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JAMA Oncol. 2016 Sep 22. doi: 10.1001/jamaoncol.2016.4115. [Epub ahead of print]

Ramucirumab as Second-Line Treatment in Patients With Advanced Hepatocellular Carcinoma: Analysis of REACH Trial Results by Child-Pugh Score.

Author information

1
Massachusetts General Hospital Cancer Center and Harvard Medical School, Boston.
2
California Pacific Medical Center, San Francisco.
3
Otto von Guericke University of Magdeburg, Magdeburg, Germany.
4
Department of Gastroenterology and Hepatology, Kinki University School of Medicine, Osaka, Japan.
5
Saga-Ken Medical Centre Koseikan, Saga, Japan.
6
Surgery Department CHU Estaing, Clermond Ferrand, France.
7
Evangelisches Krankenhaus Bielefeld, Bielefeld, Germany.
8
Policlinico Sant' Orsola-Malpighi, Bologna, Italy.
9
Catholic University of Sacred Heart, Rome, Italy.
10
Division of Hepatobiliary and Pancreatic Oncology, National Cancer Center Hospital, Tokyo, Japan.
11
National Hospital Organization Kyushu Medical Center, Fukuoka, Japan.
12
Division of Hematology-Oncology, Department of Medicine, Samsung Medical Center, Sungkyunkwan University School of Medicine, Seoul, South Korea.
13
Department of Oncology, Asan Medical Center, University of Ulsan College of Medicine, Seoul, South Korea.
14
Gangnam Severance Hospital, Seoul, South Korea.
15
Yonsei Cancer Center, Cancer Metastasis Research Center, Yonsei University College of Medicine, Shinchon-Dong, South Korea.
16
Division of Gastroenterology and Hepatology, Department of Medicine, Taipei Veterans General Hospital, Taipei, Taiwan17National Yang-Ming University School of Medicine, Taipei, Taiwan.
17
National Cheng Kung University Hospital, Tainan City, Taiwan.
18
Chang Gung Memorial Hospital, Chiayi, Taiwan.
19
Eli Lilly and Company, Bridgewater, New Jersey.
20
AstraZeneca Pharmaceuticals, Wilmington, Delaware.
21
Eli Lilly and Company, Indianapolis, Indiana.
22
Royal Marsden NHS Foundation Trust, London and Surrey, United Kingdom.

Abstract

Importance:

REACH is the first phase 3 trial to provide information on hepatocellular cancer (HCC) in the second-line (postsorafenib) setting categorized by Child-Pugh score, a scoring system used to measure the severity of chronic liver disease. This exploratory analysis demonstrates the relationship between a potential ramucirumab survival benefit, severity of liver disease, and baseline α-fetoprotein (αFP).

Objective:

To assess treatment effects and tolerability of ramucirumab by Child-Pugh score in patients with HCC enrolled in the REACH trial.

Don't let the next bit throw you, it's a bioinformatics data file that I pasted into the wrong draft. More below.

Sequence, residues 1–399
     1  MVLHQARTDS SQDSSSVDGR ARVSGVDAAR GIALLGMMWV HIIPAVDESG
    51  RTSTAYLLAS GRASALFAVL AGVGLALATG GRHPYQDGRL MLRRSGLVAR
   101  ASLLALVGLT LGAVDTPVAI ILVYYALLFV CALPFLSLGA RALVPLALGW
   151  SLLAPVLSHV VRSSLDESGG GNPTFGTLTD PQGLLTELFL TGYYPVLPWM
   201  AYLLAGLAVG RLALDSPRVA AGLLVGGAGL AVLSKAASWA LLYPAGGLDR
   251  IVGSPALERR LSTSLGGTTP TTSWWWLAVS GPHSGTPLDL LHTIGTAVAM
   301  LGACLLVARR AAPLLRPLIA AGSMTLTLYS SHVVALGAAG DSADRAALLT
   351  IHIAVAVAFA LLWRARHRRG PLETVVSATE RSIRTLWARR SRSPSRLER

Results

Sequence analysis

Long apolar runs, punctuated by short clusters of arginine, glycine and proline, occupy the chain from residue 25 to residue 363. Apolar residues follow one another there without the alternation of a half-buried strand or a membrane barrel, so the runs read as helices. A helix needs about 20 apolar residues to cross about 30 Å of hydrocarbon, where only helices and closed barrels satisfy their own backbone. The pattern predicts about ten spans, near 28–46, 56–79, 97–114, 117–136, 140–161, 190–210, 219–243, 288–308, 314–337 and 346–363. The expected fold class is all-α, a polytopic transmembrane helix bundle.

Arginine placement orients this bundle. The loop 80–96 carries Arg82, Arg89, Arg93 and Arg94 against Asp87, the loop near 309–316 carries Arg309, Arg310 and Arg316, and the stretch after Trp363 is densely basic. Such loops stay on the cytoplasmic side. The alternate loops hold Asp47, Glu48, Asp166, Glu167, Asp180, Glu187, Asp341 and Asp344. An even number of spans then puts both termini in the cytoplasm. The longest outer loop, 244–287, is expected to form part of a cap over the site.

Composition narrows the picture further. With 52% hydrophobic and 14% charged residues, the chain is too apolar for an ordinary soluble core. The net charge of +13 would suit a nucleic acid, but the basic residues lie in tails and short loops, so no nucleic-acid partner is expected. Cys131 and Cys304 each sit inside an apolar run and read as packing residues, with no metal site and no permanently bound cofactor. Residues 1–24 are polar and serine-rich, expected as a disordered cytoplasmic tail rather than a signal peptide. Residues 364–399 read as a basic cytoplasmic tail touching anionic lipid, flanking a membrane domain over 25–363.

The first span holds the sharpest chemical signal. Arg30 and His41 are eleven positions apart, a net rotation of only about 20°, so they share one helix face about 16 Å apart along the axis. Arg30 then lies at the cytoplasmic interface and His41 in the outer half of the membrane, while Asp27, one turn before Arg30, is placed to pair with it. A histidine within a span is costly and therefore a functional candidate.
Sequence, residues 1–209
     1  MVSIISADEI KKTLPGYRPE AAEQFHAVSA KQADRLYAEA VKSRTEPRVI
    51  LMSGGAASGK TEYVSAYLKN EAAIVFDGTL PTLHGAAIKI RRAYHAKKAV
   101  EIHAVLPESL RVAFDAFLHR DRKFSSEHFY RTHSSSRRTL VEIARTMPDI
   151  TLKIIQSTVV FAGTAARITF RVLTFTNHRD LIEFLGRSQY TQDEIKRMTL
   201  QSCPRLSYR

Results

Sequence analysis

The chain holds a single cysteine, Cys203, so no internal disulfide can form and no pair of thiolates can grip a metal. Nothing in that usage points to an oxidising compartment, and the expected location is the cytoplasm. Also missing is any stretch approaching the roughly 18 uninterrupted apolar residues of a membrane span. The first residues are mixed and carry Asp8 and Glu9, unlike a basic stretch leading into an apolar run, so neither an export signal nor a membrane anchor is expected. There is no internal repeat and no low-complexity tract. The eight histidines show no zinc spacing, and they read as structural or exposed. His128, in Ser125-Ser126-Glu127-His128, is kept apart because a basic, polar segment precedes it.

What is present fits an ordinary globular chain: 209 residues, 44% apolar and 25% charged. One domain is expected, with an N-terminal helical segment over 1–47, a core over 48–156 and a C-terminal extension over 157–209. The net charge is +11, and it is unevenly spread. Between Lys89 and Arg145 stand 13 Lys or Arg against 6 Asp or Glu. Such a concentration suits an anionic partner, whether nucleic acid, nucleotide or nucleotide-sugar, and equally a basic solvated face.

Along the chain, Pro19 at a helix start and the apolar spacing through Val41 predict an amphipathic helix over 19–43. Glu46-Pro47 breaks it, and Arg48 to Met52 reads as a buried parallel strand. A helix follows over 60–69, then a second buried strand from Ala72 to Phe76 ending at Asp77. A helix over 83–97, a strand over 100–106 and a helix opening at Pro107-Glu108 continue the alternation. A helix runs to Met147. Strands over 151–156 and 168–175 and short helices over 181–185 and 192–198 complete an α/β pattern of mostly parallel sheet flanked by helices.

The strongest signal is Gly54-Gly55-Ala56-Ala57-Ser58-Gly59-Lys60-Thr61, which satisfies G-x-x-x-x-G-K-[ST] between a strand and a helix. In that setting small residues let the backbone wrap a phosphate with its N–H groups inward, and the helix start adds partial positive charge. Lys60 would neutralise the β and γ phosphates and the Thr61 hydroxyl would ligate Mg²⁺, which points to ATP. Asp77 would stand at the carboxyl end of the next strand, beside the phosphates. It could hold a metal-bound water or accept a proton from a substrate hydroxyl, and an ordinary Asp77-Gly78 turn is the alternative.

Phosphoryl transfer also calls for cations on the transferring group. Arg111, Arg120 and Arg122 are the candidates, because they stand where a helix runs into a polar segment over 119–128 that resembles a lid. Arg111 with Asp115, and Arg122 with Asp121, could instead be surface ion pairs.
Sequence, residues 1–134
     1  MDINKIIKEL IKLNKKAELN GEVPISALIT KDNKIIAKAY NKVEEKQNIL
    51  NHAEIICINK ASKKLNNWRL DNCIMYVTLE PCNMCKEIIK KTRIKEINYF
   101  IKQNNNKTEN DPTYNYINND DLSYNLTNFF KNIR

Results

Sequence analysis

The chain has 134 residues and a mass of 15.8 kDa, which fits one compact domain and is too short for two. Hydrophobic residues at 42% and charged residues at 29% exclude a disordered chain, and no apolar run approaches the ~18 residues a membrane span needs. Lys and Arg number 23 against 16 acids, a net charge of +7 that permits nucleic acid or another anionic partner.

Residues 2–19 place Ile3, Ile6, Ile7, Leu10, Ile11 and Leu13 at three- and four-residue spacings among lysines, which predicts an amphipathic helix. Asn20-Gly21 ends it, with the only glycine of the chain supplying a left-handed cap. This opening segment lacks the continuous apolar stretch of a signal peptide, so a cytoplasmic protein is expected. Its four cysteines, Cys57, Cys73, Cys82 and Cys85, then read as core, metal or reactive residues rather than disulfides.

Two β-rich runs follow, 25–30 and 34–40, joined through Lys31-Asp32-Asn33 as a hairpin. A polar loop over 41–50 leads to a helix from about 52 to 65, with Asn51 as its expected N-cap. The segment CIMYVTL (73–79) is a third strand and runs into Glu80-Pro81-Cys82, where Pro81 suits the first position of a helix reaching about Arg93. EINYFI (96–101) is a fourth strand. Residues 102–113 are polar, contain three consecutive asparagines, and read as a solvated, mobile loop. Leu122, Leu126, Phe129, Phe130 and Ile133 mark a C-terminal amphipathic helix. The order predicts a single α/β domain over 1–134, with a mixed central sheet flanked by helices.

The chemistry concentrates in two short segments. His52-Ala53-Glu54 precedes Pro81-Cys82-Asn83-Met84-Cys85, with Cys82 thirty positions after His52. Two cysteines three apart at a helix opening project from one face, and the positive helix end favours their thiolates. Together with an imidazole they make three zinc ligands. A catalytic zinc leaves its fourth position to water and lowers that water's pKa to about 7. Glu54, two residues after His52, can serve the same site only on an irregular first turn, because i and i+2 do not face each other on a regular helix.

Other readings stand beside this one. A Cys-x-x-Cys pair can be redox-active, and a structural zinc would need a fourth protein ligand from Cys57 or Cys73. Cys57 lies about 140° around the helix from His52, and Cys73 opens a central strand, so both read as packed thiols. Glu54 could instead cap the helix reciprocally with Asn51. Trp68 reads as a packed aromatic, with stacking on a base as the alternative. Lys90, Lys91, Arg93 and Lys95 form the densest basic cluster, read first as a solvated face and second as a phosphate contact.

Design, Settings, and Participants:

Randomized, double-blind, phase 3 trial of ramucirumab and best supportive care vs placebo and best supportive care as second-line treatment in patients with HCC enrolled between November 4, 2010 and April 18, 2013, from 154 global sites. Overall, 643 patients were randomized and included in this analysis; 565 patients considered Child-Pugh class A (Child-Pugh scores 5 and 6) and 78 patients considered class B (Child-Pugh scores 7 and 8).

Interventions:

Ramucirumab (8 mg/kg) or placebo intravenously plus best supportive care every 2 weeks.

Main Outcomes and Measures:

Overall survival (OS), defined as time from randomization to death from any cause.

Results:

In the randomized population of 643 patients (mean [SD] age, 62.8 [11.1] years) in this analysis, a potential ramucirumab OS benefit was observed for patients with a Child-Pugh score of 5 (hazard ratio [HR], 0.80; 95% CI, 0.63-1.02; P = .06) but no apparent benefit for patients with Child-Pugh scores of 6 or 7 and 8. In patients with baseline αFP levels of 400 ng/mL (to convert ng/mL to μg/L, multiply by 1.0) or more, a ramucirumab OS benefit was significant for a score of Child-Pugh 5 (HR, 0.61; 95% CI, 0.43-0.87; P = .01) and Child-Pugh 6 (HR, 0.64; 95% CI, 0.42-0.98; P = .04), but was not significant for Child-Pugh 7 and 8. The overall safety profile of ramucirumab, regardless of Child-Pugh score, was considered manageable. Regardless of treatment arm, patients with Child-Pugh scores of 7 and 8 experienced a higher incidence of grade 3 or higher treatment-emergent adverse events, including ascites and asthenia, and special-interest events, including liver injury and/or failure and bleeding, compared with patients with Child-Pugh scores of 5 or 6.

Conclusions and Relevance:

In unselected patients, a trend for ramucirumab survival benefit was observed only for patients with a Child-Pugh score of 5. In patients with baseline αFP levels of 400 ng/mL or more, a ramucirumab survival benefit was observed for Child-Pugh scores of 5 and 6. Ramucirumab had a manageable toxic effect profile. These results support the ongoing REACH-2 study of ramucirumab in patients with advanced HCC with underlying Child-Pugh A cirrhosis and baseline αFP levels of 400 ng/mL or more.

Trial Registration:

clinicaltrials.gov Identifier: NCT01140347.

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